So, with the accountability partnership of my bestie Tarrin (, today we begin our 100 Happy Days challenge. The premise of this is simple: there is at least one thing in every day that can bring happiness - the trick is just not to miss it! Lookout for our #100happydays updates on Facebook, and feel free to join us - if you dare!

for more information on this challenge, go to
and for a little musical motivation, click here

Friday, 9 May 2014

Mothers and their Mouths

Disclaimer: Before I receive any judgement for this post, remember, I am a mother, so I know, and I'm allowed to speak. This is my vent, so if you don't agree, or don't want to read, feel free to move along.

The mouth is a powerful thing. It conveys affection, enjoyment, congratulations and feeling. As mothers, we use it to whisper lullabies to almost sleeping children, smother flawless faces with kisses, tickle little bellies, taste (real and imaginary) treats, and speak promises that soothe, heal and love. Unfortunately, many of us also use our mouths to condemn and criticise - mostly other mothers.

"The tongue can bring death or life; those who love to talk will reap the consequences"
~ Proverbs 18:21

Lately, I've heard of (too many) different stories in which mothers were/felt judged by women who, really, are part of this very special sisterhood. What is it with us? Do older mothers not remember what it felt like to be shopping with a screaming, tantrum-throwing toddler in tow, trying to get everything and get out as fast as you can, hopefully with something of your sanity still intact? How about not looking at others with that you-should-raise-your-kid-better face? Or these modern google-it-all moms (I confess, I google too) who feel the need to educate every other mother, undermining their - often fragile - maternal instinct.

I get the feeling sometimes that we think we're in competition; like the only way we feel good about their own parenting/homemaking style is to have a good go at everyone who's doing it differently to us, and it's just not on.

My own personal experience of motherhood is that it has been the most amazing, terrifying, fulfilling, totally overwhelming, loving and lonely experience of my life so far. As great at the good times are, the lows can be pretty low, especially when you've become a mom for the first time. All the Facebook updates, Instragram pics and Tweets don't tell you how tough it can be sometimes, and really, we just convey (and promote) this unrealistic picture of parental perfection, that, honestly, doesn't exist.

I just think that if there were more women/mothers speaking encouragement and support instead of reprove and disdain over each other, imagine how much better this awesome, privileged journey would be...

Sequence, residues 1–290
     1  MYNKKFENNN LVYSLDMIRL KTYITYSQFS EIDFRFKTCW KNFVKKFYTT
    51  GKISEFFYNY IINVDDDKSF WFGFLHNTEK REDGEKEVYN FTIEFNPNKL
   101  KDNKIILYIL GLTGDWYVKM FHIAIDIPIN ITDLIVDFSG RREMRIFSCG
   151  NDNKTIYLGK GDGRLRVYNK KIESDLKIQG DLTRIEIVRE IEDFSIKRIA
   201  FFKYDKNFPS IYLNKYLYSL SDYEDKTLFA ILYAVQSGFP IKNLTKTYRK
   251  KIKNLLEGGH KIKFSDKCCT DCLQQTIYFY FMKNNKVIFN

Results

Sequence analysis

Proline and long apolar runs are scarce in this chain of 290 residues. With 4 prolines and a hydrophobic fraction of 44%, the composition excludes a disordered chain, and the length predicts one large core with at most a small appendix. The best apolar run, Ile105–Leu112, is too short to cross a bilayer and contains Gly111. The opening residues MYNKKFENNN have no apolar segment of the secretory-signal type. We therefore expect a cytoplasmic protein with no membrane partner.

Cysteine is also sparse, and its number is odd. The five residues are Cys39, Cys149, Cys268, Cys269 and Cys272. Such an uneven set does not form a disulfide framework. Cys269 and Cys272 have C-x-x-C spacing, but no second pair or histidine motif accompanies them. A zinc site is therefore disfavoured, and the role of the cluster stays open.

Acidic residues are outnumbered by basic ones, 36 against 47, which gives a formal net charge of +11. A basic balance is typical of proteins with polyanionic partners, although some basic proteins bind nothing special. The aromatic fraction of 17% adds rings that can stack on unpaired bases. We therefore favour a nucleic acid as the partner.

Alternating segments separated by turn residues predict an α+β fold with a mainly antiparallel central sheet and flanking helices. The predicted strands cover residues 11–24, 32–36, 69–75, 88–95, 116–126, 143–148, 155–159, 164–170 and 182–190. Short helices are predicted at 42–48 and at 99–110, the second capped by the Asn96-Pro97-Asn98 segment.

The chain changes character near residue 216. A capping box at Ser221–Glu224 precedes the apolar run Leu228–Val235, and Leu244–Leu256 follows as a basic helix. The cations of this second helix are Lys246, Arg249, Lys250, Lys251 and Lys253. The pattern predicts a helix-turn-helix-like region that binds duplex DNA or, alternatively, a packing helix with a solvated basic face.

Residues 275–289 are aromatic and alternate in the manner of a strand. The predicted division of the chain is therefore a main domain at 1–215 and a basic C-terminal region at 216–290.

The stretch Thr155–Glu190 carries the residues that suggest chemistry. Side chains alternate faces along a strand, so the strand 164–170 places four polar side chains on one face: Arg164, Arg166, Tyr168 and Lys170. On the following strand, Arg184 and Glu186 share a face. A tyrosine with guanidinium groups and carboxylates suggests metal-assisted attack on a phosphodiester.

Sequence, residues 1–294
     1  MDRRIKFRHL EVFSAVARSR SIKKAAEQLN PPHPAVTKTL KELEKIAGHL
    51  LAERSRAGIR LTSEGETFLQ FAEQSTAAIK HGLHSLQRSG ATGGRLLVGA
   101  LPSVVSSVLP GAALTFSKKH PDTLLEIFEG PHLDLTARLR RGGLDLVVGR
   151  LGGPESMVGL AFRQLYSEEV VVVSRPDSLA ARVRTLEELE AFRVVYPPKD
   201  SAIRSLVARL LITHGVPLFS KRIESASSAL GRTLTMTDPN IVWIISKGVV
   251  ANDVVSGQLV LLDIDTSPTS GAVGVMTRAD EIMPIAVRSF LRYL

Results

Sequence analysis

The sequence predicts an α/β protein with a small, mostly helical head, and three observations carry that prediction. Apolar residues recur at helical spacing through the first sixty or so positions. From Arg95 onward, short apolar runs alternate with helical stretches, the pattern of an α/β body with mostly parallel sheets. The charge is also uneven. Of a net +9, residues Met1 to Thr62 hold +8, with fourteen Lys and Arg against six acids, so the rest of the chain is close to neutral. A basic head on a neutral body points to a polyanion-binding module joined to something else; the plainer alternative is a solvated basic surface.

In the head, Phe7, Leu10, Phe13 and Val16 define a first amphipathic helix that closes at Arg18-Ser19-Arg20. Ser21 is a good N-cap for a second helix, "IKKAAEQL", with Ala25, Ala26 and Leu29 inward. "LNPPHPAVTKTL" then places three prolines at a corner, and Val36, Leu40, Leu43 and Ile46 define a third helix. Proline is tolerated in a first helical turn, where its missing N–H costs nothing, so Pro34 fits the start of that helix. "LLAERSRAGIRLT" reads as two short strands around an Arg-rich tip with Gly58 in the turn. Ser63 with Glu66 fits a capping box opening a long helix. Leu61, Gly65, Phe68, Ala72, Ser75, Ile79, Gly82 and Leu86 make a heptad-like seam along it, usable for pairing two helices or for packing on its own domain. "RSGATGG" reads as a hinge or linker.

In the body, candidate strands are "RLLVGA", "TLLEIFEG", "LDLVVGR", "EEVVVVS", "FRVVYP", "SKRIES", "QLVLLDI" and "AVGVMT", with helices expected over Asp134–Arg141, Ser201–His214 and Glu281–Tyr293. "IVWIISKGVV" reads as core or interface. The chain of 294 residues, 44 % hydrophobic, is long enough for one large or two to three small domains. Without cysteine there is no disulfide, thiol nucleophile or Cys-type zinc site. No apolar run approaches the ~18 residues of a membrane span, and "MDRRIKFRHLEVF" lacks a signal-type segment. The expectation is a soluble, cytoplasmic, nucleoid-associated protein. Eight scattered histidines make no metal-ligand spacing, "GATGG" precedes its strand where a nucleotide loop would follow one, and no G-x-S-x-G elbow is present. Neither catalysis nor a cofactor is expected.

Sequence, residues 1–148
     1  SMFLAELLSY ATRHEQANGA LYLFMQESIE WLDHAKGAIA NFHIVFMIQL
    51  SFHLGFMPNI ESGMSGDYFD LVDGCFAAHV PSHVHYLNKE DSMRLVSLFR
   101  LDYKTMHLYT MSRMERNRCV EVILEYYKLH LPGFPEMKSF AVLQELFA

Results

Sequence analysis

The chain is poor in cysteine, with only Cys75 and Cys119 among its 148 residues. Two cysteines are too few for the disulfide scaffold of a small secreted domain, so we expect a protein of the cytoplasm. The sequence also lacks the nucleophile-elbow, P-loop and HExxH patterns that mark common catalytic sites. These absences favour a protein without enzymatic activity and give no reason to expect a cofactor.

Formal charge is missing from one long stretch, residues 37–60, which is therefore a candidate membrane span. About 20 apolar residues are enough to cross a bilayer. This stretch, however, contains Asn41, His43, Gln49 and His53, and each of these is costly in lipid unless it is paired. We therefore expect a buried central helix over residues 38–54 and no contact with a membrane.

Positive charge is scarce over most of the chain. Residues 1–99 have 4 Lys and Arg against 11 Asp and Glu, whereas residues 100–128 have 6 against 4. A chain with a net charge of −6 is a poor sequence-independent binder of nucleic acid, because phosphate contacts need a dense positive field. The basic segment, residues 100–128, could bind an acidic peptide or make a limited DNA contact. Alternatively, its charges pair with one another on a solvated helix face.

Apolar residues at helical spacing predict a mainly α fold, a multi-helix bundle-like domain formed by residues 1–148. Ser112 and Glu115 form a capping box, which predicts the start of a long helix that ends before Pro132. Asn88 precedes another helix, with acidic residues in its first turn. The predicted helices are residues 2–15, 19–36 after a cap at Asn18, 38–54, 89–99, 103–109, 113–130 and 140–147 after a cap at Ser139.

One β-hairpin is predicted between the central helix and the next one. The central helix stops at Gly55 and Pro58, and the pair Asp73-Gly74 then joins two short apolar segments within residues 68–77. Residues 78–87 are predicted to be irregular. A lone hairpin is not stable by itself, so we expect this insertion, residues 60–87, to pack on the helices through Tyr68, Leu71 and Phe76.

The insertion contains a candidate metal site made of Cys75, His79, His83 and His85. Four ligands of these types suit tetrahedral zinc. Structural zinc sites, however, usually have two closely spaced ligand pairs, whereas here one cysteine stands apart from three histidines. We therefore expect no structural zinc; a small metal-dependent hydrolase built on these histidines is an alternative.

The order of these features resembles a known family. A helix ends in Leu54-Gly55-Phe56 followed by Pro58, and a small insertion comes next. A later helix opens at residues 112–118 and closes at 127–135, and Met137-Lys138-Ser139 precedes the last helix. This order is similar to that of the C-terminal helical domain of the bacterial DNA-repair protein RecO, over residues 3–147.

"Do not let any unwholesome talk come out of your mouths, but only what is helpful for building others up according to their needs, that it may benefit those who listen" ~ Ephesians 4:29

It is Mothers' Day this weekend, so why not, as a gift to all your mother family and friends, speak something kind and edifying to them, and tell them what a fantastic job they're doing/have done raising their kids!

Fluit, fluit, my storie is uit!

Wednesday, 7 May 2014

Finding Nemo

This may be surprising to some, but up until last month, I had never watched the entire feature film "Finding Nemo". Don't judge. It's not that I didn't like the film - I knew the story (more or less), and loved the characters and animation - I just hadn't needed to have watched it all the way through. Perhaps I knew what was coming would more than make up for it?

Zac is obsessed.

I don't know when or how it began. I'm tempted to blame my nephew Ethan, (three months older than Zac, and responsible for teaching him nearly every word and action he is able to do) who displayed a similar sort of fixation with this underwater world a couple months back. All I know is that, one day, as we got in after work and daycare, Zac fetched the tv remote, placed it in my hand and said, "Mama, Nemo".

We happened to have a copy of Finding Nemo, but it did not last long. It was not great quality, and it got stuck in the middle, so Andel bought a new copy. And our lives have not been the same since. We watch this movie (from start to finish) an average of seven times a week, and when we're not watching it (because we know that telly time needs to be limited for a toddler), we're reading it. Over and over again. Like when we were at the airport two weeks ago...

When the cousins are together they watch together. Zac sets them up on the sofas, and then proceeds to stand in front of them, between the sofa and the tv! They're happy to watch independently and clap enthusiastically for all except one scene: as soon as the shark scene comes up, everyone hops on the nearest adults' lap for some 'comfort'!

Whether he has company or not though, as soon as the screen fills with colour, and the characters come alive, Zac is absolutely captivated. Cap-ti-vat-ed!

So, with Zac's birthday coming up next month, unless I am able to entirely wean Zac from Nemo in the next few weeks (we are getting there slowly: I even managed a stern no twice this week without prolonged protest) it seems we are going to have an underwater themed birthday and cake. Again. 
Wish me luck!